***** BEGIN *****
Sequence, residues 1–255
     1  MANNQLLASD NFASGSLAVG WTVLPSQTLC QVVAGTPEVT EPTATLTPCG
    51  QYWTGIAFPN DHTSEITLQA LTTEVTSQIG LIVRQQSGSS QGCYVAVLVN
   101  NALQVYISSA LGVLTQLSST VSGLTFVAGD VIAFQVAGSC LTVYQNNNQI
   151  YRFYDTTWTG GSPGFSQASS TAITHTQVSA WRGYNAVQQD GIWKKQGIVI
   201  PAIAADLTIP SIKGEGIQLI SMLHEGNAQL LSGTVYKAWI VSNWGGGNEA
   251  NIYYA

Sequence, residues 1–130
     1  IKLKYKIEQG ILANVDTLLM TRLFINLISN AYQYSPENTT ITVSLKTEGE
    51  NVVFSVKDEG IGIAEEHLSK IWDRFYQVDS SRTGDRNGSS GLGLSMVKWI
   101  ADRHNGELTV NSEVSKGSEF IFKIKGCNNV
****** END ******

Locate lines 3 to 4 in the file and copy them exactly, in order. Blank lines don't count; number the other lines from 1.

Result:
    51  QYWTGIAFPN DHTSEITLQA LTTEVTSQIG LIVRQQSGSS QGCYVAVLVN
   101  NALQVYISSA LGVLTQLSST VSGLTFVAGD VIAFQVAGSC LTVYQNNNQI